East District Cross Country race
Dundee - Saturday 6th December 2014
The team met up in Corstorphine as usual and car shared up to Dundee. We arrived with about an hour to spare so once we found the Edinburgh Athletic Club tent, we dropped our kit bags and went for a recce of the course.
Not as much mud as Alloa and the conditions looked like it could be a fast race. Plenty of straight sections to allow you to get a consistant pace, unlike Alloa which has a lot of technical sections.
I've ran Dundee a number of times before and like the course, there is one section which can be a drag, heading up through the woods towards the top of Camperdown park. I find my best approach at taking on this steady climb is to drop the pace a bit. I do get passed by a couple of people but I then try and make those places back up when we get to the flatter section where I can pick the pace up again.
I chose to wear my spikes for this course but afterwards I wished I had put on my studs. The spikes clogged up really quickly and I found my heels slipping on the cambered sections of the park. On the second of the three laps, I was almost tempted to run back to the tent, change my shoes and rejoin the race! Not sure if that is entirely allowed but I just felt like I was going backwards at times.
As I said, it was 3 laps of Camperdown Park. The first wasn't too bad. I was just trying to get in to a comfortable position and a good pace. I took the wrong racing line on the first lap, slipping all over the place and making a couple of rookie mistakes, the biggest mistake was not just taking one side step to the left or right to get in to fresh ground. Running along the beaten path was slow and slippy! I didn't make this mistake for the following laps.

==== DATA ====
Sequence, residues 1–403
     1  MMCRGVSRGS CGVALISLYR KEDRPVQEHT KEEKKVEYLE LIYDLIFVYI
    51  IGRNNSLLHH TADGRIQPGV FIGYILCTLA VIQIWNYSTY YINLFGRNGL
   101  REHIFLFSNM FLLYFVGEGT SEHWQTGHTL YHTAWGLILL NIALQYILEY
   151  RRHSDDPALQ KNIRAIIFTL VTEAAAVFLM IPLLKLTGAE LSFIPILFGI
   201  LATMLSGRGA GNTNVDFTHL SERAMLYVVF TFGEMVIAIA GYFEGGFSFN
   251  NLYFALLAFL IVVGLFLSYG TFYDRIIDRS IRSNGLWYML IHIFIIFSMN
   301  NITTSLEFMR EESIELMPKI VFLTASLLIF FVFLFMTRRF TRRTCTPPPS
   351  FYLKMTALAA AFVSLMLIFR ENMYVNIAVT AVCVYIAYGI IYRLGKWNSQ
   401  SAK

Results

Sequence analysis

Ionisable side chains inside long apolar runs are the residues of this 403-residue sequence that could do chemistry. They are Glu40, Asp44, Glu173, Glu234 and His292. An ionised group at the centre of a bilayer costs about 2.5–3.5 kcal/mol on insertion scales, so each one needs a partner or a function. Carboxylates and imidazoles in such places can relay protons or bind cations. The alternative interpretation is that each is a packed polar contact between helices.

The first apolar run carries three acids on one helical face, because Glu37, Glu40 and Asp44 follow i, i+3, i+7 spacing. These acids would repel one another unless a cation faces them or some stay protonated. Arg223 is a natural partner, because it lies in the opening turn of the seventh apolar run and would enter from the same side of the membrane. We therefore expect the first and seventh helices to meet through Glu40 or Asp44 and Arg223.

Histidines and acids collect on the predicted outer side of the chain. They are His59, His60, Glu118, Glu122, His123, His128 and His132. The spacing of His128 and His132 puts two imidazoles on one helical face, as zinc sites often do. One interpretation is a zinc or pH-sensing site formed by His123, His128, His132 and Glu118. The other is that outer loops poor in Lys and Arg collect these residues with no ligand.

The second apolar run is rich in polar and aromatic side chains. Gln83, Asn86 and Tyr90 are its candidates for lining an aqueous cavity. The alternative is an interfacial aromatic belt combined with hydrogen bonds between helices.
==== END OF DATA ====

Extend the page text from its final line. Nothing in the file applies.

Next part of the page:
After the first lap, I was hearing people shout encouragement but then the shouts were quickly followed by "Well done Pitreavie!"
As this was my previous club I knew who was behind me.
Colin Lammont has been running really well this season, now training on the track and his pace has increased and I could almost feel him chasing me down. The pressure was on!
I like to have some friendly competition during cross country. I'm not up the front and in contention for prizes so it's good to have small battles with others.
Halfway around the second lap people were still shouting encouragement for both of us so I knew he was still close, but I didn't want to look behind me to see how close, I would just wait for the next group of spectators and see how the cheers were coming.
I picked a better route on the down hill section on this lap and I felt my pace increase, or possible not slow as fast as others around me. Heading past the start finish line for the final time I realised the shouts were longer apart now.
This didn't mean I could relax though, it can all change very quickly in cross country and I still had the climb through the woods to go. I needed to keep on pushing on the flat sections before the climb because I knew I would lose places here.